The Enlarged Board of Appeal of the EPO has published an important new opinion on patentability as a biopatent: it revokes its fundamental decisions G 2/12 and G 2/13 and resolves the conflict between Rule 28 and Art. 53 EPC.
Plants and animals obtained exclusively by essentially biological processes are not patentable in the EU – but not retroactively for claims granted before 1 July 2017. It is remarkable that this also applies under Art. 53(b) EPC, which will be interpreted “dynamically” from now on. This is the main message in the new opinion of the Enlarged Board of Appeal of the EPO on the patentability of plants and animals as a biopatent.
The background to this is the amended EU Patent Directive on life in 2017, which amended new Rule 28(2) EPC (effective as of 1 July 2017) that stated that “European patents shall not be granted in respect of plants or animals exclusively obtained by means of an essentially biological process”. Article 53(b) EPC does not grant European patent protection for plant varieties or animal breeds and essentially biological processes for the production of plants or animals. However, microbiological processes and products obtained by means of these processes are patentable under Article 53(b) EPC.
The EPO has already granted more than 1,000 biopatents.
Conflict between Rule 28 and Article 53 EPC repealed
The conflict between Rule 28 and Art. 53 EPC has so far been a legal mess, on the basis of which in 2019 the President of the European Patent Office António Campinos submitted a legal question to the Enlarged Board of Appeal for clarification and interpretation with regard to the new Rule 28(2) EPC. The Enlarged Board of Appeal is the highest judicial instance in the European Patent Office (EPO).
This legal question is remarkably answered by the new opinion of the Enlarged Board of Appeal of the EPO which has now been published. The Enlarged Board of Appeal revokes its landmark decisions G 2/12 and G 2/13 on the interpretation of Article 53(b) EPC and decides on a future dynamic interpretation of Article 53 EPC, for the Enlarged Board did not consider Rule 28(2) EPC to be relevant for the interpretation of Article 53(B) EPC in its decisions G 2/12 and G 2/13. The conflict between Rule 28 and Art. 53 EPC is thus eliminated.
To ensure legal certainty, this new interpretation of Article 53(b) EPC will not have retroactive effect on European patents with claims granted before 1 July 2017 or on pending European patent applications filed before that date.
Facts: Syngenta bio patent on pepper
This opinion is issued in relation to case G 3/19, which concerns Syngenta’s bio patent on pepper (EP2753168), “New pepper plants and fruits with improved nutritional value”. The European patent on pepper should not have been refused at the EPO on the basis of Rule 28 of the European Patent Convention, the EPO Board of Appeal decided in its much noted decision of December 2018 (T-1063/18), citing Art. 164 EPC, according to which an article of the EPC takes precedence over a rule of the EPC if the two conflict.
Mutation allowed – crossing and selection not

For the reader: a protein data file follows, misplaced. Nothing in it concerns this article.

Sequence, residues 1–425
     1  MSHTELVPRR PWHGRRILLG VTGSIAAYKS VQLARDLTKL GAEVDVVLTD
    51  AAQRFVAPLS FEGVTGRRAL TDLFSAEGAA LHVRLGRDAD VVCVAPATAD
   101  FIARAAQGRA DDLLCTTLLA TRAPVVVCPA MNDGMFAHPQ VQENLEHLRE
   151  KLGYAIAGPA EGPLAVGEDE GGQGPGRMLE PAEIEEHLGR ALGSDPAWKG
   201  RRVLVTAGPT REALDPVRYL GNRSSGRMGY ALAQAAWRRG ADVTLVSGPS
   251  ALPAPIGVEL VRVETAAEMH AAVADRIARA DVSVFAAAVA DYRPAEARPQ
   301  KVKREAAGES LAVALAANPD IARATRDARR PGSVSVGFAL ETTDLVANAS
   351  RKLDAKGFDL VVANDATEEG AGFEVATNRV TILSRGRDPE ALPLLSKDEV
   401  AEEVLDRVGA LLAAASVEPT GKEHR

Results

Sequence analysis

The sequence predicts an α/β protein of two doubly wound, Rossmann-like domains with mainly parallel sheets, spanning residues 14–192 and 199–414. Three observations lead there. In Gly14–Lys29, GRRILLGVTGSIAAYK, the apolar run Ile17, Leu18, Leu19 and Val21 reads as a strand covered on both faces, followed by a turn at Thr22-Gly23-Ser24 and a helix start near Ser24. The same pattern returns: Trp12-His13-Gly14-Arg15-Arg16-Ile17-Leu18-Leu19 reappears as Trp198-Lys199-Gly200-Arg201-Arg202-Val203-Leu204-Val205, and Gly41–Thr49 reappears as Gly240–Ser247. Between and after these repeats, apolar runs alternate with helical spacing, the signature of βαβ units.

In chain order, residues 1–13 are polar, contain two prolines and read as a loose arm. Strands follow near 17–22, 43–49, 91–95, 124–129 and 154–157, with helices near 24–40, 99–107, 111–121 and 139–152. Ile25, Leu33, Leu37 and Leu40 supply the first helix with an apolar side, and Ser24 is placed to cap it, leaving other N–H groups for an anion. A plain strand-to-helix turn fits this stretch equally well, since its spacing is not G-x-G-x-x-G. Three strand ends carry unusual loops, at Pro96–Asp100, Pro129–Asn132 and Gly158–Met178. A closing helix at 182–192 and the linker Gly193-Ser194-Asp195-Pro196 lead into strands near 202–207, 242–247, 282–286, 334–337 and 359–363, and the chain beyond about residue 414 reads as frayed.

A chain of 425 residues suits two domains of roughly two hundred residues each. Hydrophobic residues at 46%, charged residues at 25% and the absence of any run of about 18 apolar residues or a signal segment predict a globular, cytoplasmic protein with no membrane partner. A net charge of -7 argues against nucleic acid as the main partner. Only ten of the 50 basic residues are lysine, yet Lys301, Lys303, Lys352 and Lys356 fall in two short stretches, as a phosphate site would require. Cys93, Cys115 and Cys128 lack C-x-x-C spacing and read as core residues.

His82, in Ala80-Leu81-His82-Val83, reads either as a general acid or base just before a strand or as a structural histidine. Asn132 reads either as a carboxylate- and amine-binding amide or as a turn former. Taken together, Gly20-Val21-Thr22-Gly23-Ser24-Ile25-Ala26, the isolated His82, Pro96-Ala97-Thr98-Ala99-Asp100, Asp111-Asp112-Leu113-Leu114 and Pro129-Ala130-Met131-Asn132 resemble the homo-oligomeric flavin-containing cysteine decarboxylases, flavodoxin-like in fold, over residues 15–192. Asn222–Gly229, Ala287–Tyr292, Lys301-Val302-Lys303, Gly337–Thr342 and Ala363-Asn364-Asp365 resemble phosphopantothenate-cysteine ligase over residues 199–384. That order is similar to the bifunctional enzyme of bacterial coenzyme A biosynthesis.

In practice, this is not as clear-cut as it may seem at first glance. Biotechnical and genetic engineering interventions are commonplace in the plant and microorganism sector, for example, optimised seeds, adaptation to climate change, pest control and improved performance of plants and animals. It is mainly technical selection procedures or product-by-process claims that obtain patent protection. But is there, for example, a product claim to plants or plant parts that have been obtained by an essentially biological process?
According to Section G-II, 5.4.2, any implicit or explicit crossing step does indeed lead to an objection under Article 53 b) EPC. However, technical steps before or after the crossing and selection process are patentable. Technical processes for obtaining the plant or animal which confers a technical characteristic on a product may also be patentable as product-by-process claims.
Transgenic plants or animals and technically induced mutants are therefore patentable; this means that the technical processes for them can also be patented: targeted mutations, e.g. with CRISPR/Cas, as well as random mutagenesis, such as UV-induced mutation. The use of molecular genetic markers is also patentable – if this technical step is performed before or after the crossing and selection process.
In this context, please also read the important ECJ decision of July 2018: ECJ counts mutagenesis as genetic engineering
Negative impact on product claim and product-by-process claim
According to the new opinion, the new dynamic interpretation of 53(b) EPC also has an explicit negative impact on the admissibility of product claims or product-by-process claims directed to plants, plant material or animals if the claimed product is obtained exclusively by an essentially biological process or if the claimed process feature defines an essentially biological process.
The opinion of the Enlarged Board of Appeal also contains a clear decision with regard to the main proceedings concerning Syngenta’s biopatent on pepper. Art. 164 is – contrary to the Board of Appeal’s assumption – not relevant, since Rule 28(2) EPC is not in conflict with the new interpretation of Art. 53(b) EPC.
It is therefore eagerly awaited what the next decisions on biopatents will be: the biopatent on melons with a certain resistance to plant viruses, the Syngenta biopatent on pepper and also the biopatent on salmon with an increased content of omega-3 fatty acids – the list of European biopatents is long. Incidentally, the biopatent on decapitated broccoli was the first biopatent since the new EU directive of 2017 to be revoked.
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